I have been patiently working away on a string quilt for the last few months.
I am a freak for beschamel. Besciamella, besamel, plain old “white sauce”—whatever. I’m there.
Moussaka is one of the very best ways to eat it, with a top layer of pure beschamel baked into caramelized, custardy deliciousness. But! a good moussaka isn’t just a delivery vehicle for sauce—the bottom layers are savory, spicy, and sweet, with textures and flavors that play perfectly with beschamel’s milky-bland smoothness. It is A Wonderful Thing.
Moussaka is infinitely variable. Here’s one simple version.
Ohhh, Colette’s Violet blouse. I’ve been wanting to make this one for a long time.
I *love* this pattern. Peter Pan collar, blousy fit, super-girly gathers, buffet-friendly shape, I’m down.
Things I did: I used a lightweight cotton with a woven gray and black stripe for the body. It said Moda on it, so I guess it was a quilting cotton? Anyway, it had soft, swishy drape and I liked the striping a lot, so I went for it, piecing the yoke so I could get a little chevron going with the shoulder slopes. I used some black cotton batiste for a contrast collar and sleeve bands.
I used self-fabric for interfacing throughout. I cut a straight 4 for this top, and saw no changes I needed to make with a tissue-fitting, though now I’m sort of feeling like I need to pull the bust darts back a little bit to help them lie smoother.
The biggest change I made was gathering sleeves into a band instead of threading elastic through them or simply hemming them. To do this, I cut the wider mid-length sleeve and cut it shorter, to approximately 1” above where I wanted the sleeve to fall. I measured my bicep, added a bit for ease and seam allowances, and cut 3 1/4” x 13 1/4” bands (two for each sleeve) from the batiste. I prepped the two bands for each sleeve as one, pressed each in half lengthwise, and turned down a 3/8” hem on one side. I stitched the unpressed side RST with the bottom of the sleeve, pressed it down, and topstitched to catch the back of the sleeve band. Then I sewed the side sleeve seam in one go.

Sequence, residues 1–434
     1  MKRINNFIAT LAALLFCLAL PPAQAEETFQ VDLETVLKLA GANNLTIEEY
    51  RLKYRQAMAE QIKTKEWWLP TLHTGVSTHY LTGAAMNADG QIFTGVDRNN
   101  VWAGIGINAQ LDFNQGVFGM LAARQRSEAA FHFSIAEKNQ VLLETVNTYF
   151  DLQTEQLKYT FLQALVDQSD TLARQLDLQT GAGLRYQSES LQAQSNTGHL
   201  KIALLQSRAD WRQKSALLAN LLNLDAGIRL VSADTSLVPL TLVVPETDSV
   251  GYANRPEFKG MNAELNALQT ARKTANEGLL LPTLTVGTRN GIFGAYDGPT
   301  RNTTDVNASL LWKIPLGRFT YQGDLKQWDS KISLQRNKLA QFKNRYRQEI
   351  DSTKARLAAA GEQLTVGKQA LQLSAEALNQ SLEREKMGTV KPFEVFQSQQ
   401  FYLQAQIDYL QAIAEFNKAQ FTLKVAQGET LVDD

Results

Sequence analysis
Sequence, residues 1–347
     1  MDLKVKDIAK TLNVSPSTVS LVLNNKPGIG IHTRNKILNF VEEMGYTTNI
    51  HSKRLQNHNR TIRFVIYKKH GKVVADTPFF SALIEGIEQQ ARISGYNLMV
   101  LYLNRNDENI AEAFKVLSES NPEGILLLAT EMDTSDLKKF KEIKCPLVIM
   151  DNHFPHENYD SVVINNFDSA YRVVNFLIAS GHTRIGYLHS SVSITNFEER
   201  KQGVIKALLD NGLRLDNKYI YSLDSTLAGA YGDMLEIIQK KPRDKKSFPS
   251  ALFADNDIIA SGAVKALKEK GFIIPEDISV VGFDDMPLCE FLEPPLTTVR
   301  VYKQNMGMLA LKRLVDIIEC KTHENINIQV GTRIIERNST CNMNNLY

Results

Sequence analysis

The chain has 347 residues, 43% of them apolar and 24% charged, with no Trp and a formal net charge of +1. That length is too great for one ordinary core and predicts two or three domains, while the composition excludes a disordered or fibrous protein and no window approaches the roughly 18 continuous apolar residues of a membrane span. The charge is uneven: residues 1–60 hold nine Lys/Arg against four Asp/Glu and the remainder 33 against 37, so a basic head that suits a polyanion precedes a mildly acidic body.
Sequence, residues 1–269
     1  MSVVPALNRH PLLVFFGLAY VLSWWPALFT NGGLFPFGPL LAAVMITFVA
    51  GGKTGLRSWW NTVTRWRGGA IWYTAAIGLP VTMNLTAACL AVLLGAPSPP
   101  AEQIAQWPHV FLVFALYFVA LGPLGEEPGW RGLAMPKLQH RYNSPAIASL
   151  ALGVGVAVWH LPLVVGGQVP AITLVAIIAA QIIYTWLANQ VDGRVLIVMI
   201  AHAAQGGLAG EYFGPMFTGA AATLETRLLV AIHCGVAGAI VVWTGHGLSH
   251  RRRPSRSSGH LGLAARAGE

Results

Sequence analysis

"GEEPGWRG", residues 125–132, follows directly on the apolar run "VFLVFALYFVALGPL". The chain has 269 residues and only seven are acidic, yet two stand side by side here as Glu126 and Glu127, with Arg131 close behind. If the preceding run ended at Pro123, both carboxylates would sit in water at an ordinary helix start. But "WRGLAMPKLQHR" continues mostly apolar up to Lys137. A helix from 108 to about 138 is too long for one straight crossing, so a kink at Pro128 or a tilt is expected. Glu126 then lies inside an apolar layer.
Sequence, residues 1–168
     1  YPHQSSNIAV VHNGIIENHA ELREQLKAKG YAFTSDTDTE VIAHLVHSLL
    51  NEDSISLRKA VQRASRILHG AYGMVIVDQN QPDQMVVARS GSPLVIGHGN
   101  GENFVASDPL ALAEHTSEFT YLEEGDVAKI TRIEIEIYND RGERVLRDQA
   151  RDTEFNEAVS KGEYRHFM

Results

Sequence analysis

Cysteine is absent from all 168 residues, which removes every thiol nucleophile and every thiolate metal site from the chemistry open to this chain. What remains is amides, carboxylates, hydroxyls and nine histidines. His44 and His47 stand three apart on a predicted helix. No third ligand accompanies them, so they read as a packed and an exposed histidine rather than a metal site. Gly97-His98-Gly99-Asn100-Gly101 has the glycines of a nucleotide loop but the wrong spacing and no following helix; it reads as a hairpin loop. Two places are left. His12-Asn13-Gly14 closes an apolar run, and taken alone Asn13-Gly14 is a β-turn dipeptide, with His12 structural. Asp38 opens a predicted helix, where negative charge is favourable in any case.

Confusing enough? It sounds really confusing written out, but it was easy, just like putting on a front band or a cuff. I love how clean it looks, and how those two little echoing pops of contrast color add a little visual structure.
Things I wish I’d done: Next time, I’ll construct this like a men’s shirt, flat-felling the armscye and sleeve seams, for simplicity. OH and I’ll actually put the buttons on the correct side—I’m so used to making shirts for Terry that I just automatically went for it without paying attention.
Anyway. This is the first garment I’ve finished in way too long, so I’m feeling pretty good. Yay Colette, yay square buttons, yay puffy sleeves!
Our favorite popovers are Marion Cunningham’s, by way of Julia Child. And oh! What lovely popovers they are—big, handsomely popped beauties with melting-crisp crusts and custardy-smooth interiors. They’re delightful to bake—watching them climb up their tins and then steadily puff-puff-puff their way up and over the rims is so entertaining you can’t help but watch, crouched on the kitchen floor with your face pressed to the glass of the oven door. They’re fun to eat, with their layered textures and swirling bottoms that show food physics at work. It is impossible to leave a dish of heaped and napkin-wrapped popovers alone, even if breakfast is over and you are already full.
I will just tell you now that T is the best popover maker in the known world. You should probably just come to our house and eat the ones he makes. But seeing as how the logistics on that might be difficult, here’s a recipe.
Who doesn’t need a moustache for every occasion?